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Two major projects in Edmonton forecast budget overruns

There’s no question the City of Edmonton’s budget was already tight, due to decreased revenues and increased costs — some of them associated with the pandemic.

But now, two major capital projects are expected to come in over budget.

The city works with two budgets. Operating covers recurring costs, like staff wages, utilities and other bills. Capital looks at one-time costs; it buys things like a wider road, a new LRT track or a swimming pool.

For 2022, at the end of a four-year budget cycle, the capital dollars have largely been spoken for on projects that are already well underway, like the Yellowhead freeway conversion, the Valley Line LRT and the widening of Terwillegar Road.

Now that design work is complete for the Coronation Community Recreation Centre, council will get the news Monday that it’s expected to cost a lot more than initially predicted back in 2014. The budget then was set at $112 million; now it’s 34 per cent higher at $150 million.

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“That one’s primarily driven by inflation. The scope of that project hasn’t materially changed since it was first conceptualized by council,” explained branch manager of infrastructure and delivery Jason Meliefste.

Read more:
Edmonton’s 50 Street rail crossing gets $40M in federal funding for grade separation

The new building would attach to the existing area pool and include a fitness area, a walking track, gymnasiums, programming rooms, play space and a cycling track.

“I do fully support this and will be advocating to my colleagues for the building of this rec centre. I think it will serve a large section of the city,” explained Ward Anirniq Coun. Erin Rutherford.

Construction was slated to begin this year and end in 2024. Rutherford says delaying it now would disappoint a lot of people.

“It’s basically shovel ready. As long as we, as council, decide to go ahead with this project, we’ll be starting construction.”

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Another major project that’s over budget and at a similar stage nearing the end of the design phase is the 50 Street widening and train separation.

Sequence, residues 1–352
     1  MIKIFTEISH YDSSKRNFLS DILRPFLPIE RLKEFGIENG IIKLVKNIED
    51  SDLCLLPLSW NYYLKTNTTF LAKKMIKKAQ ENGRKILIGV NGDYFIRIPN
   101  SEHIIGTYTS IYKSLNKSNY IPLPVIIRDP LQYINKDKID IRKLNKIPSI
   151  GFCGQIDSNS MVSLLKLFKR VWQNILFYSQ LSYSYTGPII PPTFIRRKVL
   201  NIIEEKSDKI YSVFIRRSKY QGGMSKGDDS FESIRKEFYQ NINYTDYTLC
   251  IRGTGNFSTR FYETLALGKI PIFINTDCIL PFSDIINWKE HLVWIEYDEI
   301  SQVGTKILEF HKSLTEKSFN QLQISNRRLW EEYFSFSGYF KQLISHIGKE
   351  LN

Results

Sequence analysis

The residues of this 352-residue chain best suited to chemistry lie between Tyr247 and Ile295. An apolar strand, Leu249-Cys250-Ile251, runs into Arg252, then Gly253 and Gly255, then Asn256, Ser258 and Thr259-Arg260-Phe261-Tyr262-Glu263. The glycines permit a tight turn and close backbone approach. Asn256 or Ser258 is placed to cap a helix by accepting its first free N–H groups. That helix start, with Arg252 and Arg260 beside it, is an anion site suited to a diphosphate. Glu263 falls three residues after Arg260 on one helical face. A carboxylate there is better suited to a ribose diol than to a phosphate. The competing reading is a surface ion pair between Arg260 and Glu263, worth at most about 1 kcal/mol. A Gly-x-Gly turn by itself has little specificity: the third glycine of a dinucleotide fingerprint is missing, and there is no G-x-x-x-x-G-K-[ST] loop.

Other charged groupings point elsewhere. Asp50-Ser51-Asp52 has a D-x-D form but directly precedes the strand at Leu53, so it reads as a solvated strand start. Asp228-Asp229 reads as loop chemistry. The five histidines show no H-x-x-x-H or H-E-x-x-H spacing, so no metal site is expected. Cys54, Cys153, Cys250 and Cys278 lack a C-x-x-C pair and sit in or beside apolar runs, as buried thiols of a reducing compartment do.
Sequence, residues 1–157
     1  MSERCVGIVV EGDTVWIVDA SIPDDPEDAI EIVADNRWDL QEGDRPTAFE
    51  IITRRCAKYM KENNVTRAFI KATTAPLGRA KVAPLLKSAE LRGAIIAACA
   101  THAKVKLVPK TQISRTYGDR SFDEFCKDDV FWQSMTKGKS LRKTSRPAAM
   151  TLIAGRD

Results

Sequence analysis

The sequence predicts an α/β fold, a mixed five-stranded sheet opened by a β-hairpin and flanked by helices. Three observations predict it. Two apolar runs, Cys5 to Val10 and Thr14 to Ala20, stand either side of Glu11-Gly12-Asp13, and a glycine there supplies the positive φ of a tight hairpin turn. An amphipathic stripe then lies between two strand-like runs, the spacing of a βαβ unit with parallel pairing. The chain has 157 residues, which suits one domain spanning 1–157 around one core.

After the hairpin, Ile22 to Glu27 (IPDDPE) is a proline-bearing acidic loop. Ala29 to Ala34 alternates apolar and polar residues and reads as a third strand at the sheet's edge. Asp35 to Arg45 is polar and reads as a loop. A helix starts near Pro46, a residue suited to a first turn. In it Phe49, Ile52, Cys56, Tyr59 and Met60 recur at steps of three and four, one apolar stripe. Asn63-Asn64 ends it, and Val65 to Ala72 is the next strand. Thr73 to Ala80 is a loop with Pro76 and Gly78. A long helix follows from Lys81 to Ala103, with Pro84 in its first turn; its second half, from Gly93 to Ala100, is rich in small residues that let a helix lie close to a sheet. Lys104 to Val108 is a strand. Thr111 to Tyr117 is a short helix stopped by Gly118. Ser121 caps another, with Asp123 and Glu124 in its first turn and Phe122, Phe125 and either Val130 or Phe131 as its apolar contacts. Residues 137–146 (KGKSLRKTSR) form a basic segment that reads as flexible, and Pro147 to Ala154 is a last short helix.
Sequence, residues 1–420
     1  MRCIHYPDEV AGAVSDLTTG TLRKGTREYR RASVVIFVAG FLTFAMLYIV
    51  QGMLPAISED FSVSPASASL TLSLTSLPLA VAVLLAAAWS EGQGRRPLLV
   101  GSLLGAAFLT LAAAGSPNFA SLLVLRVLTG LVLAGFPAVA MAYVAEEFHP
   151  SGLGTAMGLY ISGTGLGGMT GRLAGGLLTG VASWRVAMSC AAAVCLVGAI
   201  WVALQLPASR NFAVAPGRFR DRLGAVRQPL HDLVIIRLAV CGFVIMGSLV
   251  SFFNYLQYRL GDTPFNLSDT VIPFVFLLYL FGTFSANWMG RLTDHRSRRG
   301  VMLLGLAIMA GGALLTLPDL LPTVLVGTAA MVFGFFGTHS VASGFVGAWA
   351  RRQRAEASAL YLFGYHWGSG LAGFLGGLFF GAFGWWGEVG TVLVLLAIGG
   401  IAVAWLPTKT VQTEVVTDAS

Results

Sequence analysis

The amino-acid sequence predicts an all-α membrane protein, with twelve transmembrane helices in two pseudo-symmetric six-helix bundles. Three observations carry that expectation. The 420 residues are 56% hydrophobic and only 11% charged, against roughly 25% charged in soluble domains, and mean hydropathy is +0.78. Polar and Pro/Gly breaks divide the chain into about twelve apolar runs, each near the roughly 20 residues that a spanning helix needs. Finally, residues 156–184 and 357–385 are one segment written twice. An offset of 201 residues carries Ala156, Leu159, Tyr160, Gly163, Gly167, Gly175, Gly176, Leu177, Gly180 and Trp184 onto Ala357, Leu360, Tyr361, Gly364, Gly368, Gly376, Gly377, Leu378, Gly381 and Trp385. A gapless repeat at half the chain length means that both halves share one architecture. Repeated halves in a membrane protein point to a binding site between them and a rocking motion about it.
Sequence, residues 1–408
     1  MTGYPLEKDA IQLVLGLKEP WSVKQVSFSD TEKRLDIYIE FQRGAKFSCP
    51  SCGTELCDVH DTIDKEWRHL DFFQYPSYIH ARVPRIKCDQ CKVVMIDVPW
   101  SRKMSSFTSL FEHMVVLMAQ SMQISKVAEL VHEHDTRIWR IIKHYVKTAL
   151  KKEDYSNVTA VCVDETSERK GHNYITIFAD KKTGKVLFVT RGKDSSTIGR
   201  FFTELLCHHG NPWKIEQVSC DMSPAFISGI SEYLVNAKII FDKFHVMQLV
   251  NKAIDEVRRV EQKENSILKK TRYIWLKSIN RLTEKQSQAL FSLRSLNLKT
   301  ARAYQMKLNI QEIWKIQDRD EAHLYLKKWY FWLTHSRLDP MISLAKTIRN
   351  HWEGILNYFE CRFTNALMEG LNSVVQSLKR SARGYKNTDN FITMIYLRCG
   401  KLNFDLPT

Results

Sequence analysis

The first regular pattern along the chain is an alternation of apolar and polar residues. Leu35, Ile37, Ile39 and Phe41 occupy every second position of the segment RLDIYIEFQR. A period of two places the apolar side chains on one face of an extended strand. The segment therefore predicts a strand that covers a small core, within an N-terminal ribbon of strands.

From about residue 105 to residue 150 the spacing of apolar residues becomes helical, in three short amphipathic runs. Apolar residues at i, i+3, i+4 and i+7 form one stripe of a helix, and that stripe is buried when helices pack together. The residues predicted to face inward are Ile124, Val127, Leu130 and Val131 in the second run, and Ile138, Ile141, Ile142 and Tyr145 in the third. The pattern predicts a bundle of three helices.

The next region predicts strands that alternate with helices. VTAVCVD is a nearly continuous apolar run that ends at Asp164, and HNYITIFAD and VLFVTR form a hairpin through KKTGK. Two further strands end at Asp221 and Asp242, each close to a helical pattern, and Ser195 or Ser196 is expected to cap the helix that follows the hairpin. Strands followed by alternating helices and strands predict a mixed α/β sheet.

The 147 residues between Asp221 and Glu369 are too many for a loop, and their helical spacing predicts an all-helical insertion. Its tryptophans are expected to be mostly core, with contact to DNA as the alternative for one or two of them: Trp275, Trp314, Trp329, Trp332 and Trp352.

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The city has already started work on a detour for vehicles and rerouting sewer lines.

The project isn’t expected to be finished for five more years, but already it’s expected to be 41 per cent over budget, having gone from $103 million to $145 million.

The reason? A major design change.

“At the time, we were envisioning that that work could be done as an underpass,” Meliefste said.

He explained that with moving utilities and trying to allow the nearby railyard to continue to operate around the construction, an overpass was actually needed.

READ MORE: City of Edmonton unveils design of 50 Street rail crossing overpass

In a statement, Amarjeet Sohi, Edmonton’s mayor and former federal transportation minister, said: “I’m very concerned about the increased cost of this project, and I have reached out to administration for information about this cost overrun.”

“This rail crossing has been an irritant to residents for decades, and I was proud to advocate for federal support to create the grade separation. I will continue to work hard to move this project forward,” he said.

With both provincial and federal dollars involved in the project, the city could ask for additional money.

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“We’re hopeful that perhaps maybe there might be some interest in other levels of government to increase their funding, but you know, it’s too early and I can’t speak on their behalf,” Meliefste said.

If savings cannot be found in other capital projects and no new grant money comes in, the city could choose to fund the overruns for these two projects by increasing property taxes or taking on additional debt.

Read more:
Proposed Edmonton budget includes $64M in reductions but 0% tax levy increase

But because of where the projects are in their work, either could be on the chopping block.

Meliefste said contracts haven’t been awarded in either case, though they’re both ready to begin construction in just a few short months.

“If we are looking at the capital budgets, we are going to have to look at projects that haven’t started yet for those cost savings measures,” Rutherford said.

“Anything that’s already been shovel in the ground, it’s very hard to stop that capital project once it’s started. There are fees and termination of contract penalties that almost make those almost not viable options.”

Meliefste says at any given time, the city has about 275 capital projects underway. The latest financial review showed more than 96 per cent are on budget.


© 2021 Global News, a division of Corus Entertainment Inc.

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